Muftic: Did Trump’s associates with Russian connections shape his foreign policy?
Revelations from Congressional hearings into Russian use of social media to influence the 2016 elections, Special Prosecutor Robert Mueller’s indictments of former Trump campaign manager Paul Manafort and associate Rick Gates, and the guilty plea of George Papadopoulos have been eye opening.
Aside from the implications for the integrity of future elections or charges of collusion is whether the Russian connections permeating Donald Trump’s campaign and his White House administration shaped Trump’s US foreign policy toward Russia. The case could be made that Trump was a willing dupe of Russian influence. The timing of campaign pronouncements that became foreign policy specific coincided with Russian connected staff and volunteers joining the campaign in the Spring of 2016.
Before Manafort and Mike Flynn became key players in Trump’s presidential campaign, Trump was focused on admiration of Putin’s strong man management style. Many were calling this a “bromance.” Trump has never uttered one word of criticism of President Vladimir Putin. This has been an eyebrow raiser, to say the least.
In the early months of 2016, when Manafort and company and Mike Flynn came on board the campaign, Trump’s bromance with Putin’s autocratic style of governing morphed into policy specifics which were similar to Russia’s policy goals. Manafort joined the Trump campaign in March 2016 and was named campaign chair in April, resigning in August because his Russian ties had become more public. Beginning in March 2016 Trump on the stump began his anti-NATO crusade. Putin saw the NATO mutual defense treaty as a barrier to expansion into NATO member countries such as the Baltics and Poland. Lifting United States sanctions against Russia and Putin’s oligarch friends enacted in retaliation to Russian takeover of Crimea and Eastern Ukraine and interference in 2016 elections is believed to be Putin’s goal. Flynn resigned as White House adviser when he was caught fibbing about conversations with Russians about sanctions.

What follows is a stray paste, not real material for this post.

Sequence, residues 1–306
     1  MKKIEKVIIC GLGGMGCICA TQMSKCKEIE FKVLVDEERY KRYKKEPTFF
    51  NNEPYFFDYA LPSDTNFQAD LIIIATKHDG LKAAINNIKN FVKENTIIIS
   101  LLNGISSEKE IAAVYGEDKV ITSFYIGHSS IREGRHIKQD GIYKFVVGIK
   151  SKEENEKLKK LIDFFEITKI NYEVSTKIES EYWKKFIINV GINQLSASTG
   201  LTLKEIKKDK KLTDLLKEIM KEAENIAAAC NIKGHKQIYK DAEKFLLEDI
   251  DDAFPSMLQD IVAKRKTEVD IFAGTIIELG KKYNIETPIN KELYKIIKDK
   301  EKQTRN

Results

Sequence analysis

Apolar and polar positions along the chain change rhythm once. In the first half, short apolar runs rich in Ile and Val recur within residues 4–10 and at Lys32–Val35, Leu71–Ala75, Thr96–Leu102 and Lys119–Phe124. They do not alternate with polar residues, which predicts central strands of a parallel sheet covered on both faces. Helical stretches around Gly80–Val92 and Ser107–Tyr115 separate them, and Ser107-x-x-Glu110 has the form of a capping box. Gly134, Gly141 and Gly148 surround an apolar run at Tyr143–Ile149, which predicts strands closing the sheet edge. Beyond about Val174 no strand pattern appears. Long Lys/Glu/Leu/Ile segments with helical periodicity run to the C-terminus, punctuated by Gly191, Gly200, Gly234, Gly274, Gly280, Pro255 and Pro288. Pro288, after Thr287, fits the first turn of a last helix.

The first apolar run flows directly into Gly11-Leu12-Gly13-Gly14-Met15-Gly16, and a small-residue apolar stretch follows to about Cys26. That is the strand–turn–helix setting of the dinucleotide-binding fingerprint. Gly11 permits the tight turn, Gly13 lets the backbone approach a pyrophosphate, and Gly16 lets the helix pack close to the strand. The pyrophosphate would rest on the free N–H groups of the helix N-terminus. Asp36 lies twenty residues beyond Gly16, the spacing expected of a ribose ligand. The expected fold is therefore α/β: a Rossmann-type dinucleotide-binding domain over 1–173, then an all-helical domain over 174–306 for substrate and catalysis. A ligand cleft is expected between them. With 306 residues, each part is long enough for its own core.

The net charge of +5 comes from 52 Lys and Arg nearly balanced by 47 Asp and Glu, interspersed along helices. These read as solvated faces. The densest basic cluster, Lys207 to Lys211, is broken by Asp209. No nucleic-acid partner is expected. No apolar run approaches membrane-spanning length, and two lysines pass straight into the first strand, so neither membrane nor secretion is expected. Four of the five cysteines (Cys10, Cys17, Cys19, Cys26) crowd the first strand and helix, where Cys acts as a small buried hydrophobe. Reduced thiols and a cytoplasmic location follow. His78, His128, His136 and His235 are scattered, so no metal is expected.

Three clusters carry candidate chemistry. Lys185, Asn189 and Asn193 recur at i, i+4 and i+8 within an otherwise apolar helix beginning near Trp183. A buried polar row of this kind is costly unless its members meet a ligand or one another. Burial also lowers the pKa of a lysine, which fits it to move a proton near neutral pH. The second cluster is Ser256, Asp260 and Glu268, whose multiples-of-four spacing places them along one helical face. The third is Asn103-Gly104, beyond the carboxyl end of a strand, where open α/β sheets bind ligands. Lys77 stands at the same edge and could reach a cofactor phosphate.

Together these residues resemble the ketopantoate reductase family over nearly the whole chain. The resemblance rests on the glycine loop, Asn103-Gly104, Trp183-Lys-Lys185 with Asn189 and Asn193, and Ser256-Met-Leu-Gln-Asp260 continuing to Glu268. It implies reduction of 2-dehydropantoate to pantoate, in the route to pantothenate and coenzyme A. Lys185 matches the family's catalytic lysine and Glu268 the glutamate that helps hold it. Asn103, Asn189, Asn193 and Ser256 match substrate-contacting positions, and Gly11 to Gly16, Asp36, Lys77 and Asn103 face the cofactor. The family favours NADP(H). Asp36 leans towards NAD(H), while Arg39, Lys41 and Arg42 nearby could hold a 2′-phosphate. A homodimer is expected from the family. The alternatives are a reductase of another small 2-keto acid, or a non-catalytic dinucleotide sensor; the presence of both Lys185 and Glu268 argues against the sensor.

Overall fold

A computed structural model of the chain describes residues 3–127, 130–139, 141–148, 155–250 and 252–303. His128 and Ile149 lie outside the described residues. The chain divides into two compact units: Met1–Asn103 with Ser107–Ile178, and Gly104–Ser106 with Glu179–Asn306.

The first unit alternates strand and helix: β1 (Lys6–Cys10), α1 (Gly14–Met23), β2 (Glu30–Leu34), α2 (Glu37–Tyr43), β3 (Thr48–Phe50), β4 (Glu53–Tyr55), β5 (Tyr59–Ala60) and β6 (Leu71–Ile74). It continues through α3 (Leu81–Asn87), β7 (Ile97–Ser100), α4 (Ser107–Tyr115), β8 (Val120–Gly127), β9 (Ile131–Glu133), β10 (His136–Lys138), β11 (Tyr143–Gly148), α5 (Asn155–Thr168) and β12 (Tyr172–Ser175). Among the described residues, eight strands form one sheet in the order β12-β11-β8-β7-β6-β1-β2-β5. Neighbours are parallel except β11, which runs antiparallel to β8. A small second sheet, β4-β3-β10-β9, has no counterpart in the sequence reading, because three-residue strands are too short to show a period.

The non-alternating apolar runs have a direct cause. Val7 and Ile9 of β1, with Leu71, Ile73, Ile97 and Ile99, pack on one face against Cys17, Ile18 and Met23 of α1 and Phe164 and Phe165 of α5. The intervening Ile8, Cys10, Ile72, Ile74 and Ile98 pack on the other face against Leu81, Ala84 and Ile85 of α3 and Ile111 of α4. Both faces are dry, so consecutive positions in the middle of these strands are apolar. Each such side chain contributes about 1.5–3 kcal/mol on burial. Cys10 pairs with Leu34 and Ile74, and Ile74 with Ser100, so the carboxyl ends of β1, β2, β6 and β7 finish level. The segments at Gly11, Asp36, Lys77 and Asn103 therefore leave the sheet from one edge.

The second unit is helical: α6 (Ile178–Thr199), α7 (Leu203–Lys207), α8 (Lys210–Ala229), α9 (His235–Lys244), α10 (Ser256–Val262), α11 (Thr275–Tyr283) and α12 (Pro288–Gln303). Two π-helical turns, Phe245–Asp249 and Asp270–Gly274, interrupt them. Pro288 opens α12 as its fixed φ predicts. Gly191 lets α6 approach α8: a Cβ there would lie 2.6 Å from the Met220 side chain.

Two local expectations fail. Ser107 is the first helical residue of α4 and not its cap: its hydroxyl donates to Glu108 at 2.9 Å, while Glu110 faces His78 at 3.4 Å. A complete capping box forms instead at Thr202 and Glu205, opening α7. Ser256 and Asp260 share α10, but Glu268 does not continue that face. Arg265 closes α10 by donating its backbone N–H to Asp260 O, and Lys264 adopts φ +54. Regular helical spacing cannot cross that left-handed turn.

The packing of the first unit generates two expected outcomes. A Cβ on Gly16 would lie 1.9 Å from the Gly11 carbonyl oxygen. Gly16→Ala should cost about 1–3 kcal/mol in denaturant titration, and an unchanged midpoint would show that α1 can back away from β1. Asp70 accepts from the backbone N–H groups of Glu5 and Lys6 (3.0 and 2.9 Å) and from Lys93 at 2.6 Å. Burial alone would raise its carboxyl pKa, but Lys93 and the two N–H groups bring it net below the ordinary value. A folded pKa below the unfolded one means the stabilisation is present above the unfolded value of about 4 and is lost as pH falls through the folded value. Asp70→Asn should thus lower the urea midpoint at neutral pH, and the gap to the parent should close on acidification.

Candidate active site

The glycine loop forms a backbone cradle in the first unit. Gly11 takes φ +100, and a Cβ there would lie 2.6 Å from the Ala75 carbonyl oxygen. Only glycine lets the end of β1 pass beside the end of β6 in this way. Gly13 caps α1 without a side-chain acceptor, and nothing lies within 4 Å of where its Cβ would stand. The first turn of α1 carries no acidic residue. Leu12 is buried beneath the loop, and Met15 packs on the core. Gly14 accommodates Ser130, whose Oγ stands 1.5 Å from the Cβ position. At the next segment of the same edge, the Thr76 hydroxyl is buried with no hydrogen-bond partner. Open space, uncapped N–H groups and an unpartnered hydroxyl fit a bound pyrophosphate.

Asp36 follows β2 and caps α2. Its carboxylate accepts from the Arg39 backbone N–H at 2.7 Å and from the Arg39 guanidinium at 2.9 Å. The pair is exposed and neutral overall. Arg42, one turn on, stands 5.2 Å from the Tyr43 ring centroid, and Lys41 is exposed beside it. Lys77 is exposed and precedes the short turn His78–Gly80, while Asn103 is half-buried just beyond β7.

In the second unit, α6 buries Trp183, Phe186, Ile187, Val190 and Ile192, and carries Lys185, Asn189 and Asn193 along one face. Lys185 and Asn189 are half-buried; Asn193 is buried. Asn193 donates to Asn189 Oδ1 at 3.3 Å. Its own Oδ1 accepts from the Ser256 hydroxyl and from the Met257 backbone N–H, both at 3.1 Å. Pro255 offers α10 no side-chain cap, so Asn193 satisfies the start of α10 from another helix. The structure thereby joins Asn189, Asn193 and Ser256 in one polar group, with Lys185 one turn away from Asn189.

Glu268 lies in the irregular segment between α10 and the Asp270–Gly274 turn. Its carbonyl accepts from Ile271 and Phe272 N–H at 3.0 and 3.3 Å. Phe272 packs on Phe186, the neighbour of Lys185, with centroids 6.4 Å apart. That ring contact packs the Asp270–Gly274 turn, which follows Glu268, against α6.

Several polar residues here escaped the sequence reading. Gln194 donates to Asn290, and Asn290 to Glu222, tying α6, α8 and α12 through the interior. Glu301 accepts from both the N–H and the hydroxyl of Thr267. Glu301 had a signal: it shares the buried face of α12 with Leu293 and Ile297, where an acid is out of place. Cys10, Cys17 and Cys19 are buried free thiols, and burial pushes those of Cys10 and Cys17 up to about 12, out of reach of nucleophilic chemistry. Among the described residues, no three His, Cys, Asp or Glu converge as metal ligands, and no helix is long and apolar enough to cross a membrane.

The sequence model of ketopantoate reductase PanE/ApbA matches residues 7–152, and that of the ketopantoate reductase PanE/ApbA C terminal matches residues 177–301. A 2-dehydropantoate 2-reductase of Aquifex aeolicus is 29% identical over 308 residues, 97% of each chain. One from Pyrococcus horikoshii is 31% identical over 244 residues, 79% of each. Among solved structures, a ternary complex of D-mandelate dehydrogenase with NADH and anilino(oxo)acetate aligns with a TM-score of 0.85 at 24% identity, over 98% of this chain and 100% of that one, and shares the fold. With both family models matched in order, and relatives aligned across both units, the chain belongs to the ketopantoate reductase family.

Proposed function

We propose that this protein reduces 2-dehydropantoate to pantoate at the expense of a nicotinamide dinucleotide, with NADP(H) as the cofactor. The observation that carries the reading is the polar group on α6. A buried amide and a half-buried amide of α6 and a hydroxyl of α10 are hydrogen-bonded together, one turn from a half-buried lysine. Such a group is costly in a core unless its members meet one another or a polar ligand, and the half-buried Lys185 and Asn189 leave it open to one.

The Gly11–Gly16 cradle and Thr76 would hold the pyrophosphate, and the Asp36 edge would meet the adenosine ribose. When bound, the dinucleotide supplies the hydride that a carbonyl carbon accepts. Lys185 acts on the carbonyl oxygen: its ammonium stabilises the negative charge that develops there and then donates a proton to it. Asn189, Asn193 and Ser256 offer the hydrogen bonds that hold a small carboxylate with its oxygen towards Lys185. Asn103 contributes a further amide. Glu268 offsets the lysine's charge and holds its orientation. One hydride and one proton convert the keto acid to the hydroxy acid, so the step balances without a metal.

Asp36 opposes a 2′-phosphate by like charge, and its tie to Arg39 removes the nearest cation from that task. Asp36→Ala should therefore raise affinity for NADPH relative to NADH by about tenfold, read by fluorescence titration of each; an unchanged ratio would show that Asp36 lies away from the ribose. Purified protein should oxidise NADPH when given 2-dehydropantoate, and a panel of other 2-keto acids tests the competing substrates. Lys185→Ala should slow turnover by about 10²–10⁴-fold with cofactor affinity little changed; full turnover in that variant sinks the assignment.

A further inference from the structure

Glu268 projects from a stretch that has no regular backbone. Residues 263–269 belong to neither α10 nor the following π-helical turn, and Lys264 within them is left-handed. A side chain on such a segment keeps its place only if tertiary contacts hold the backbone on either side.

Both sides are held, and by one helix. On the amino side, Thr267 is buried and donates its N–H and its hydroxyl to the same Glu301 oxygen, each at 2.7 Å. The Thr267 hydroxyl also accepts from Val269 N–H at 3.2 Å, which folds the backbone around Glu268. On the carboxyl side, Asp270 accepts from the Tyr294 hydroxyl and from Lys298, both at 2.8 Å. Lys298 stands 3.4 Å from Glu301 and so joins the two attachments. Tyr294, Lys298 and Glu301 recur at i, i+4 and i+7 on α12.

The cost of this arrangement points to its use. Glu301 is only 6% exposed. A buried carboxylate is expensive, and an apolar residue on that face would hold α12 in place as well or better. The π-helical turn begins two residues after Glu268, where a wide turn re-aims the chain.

Gen. Mike Flynn, who had appeared seated near Putin in a Russian Television (RT) anniversary celebration, became famous in Trump rallies for his attacks on Hillary Clinton’s character with his “lock her up” chant. There is plenty of evidence that Putin also wanted Clinton to lose and had blamed her for drumming up anti Putin sentiment in his prior reelection campaign while she was secretary of state.
In other policy pronouncements from spring 2016 through inauguration, Trump supported foreign policies that dovetailed neatly with Russia’s, considering recognizing as legitimate the Russian grab of the Crimea, lifting sanctions against Russia, calling NATO obsolete as a military defense alliance, demanding members pay more, and being fuzzy about whether Russia’s ally Assad in Syria must go. None of those policies are in America’s or our allies’ interests since it weakens United States allies’ ability to check Russian land grabs in the Baltics and Balkans and increased Russian involvement in Syria on behalf of Assad. Later as President, Trump refused to back NATO’s stated purpose to come to the defense when NATO member nations were attacked. He was forced to backtrack that as President. Likewise, his policy evolved again to stronger support of the pro west Ukraine government. Nonetheless, so alarmed was Congress that President Trump would lift sanctions against Russia, this summer, 2017, Congress enacted legislation to prevent the lifting of sanctions and expanding them. Trump signed the bill, it but he has ignored and missed the implementation deadline.
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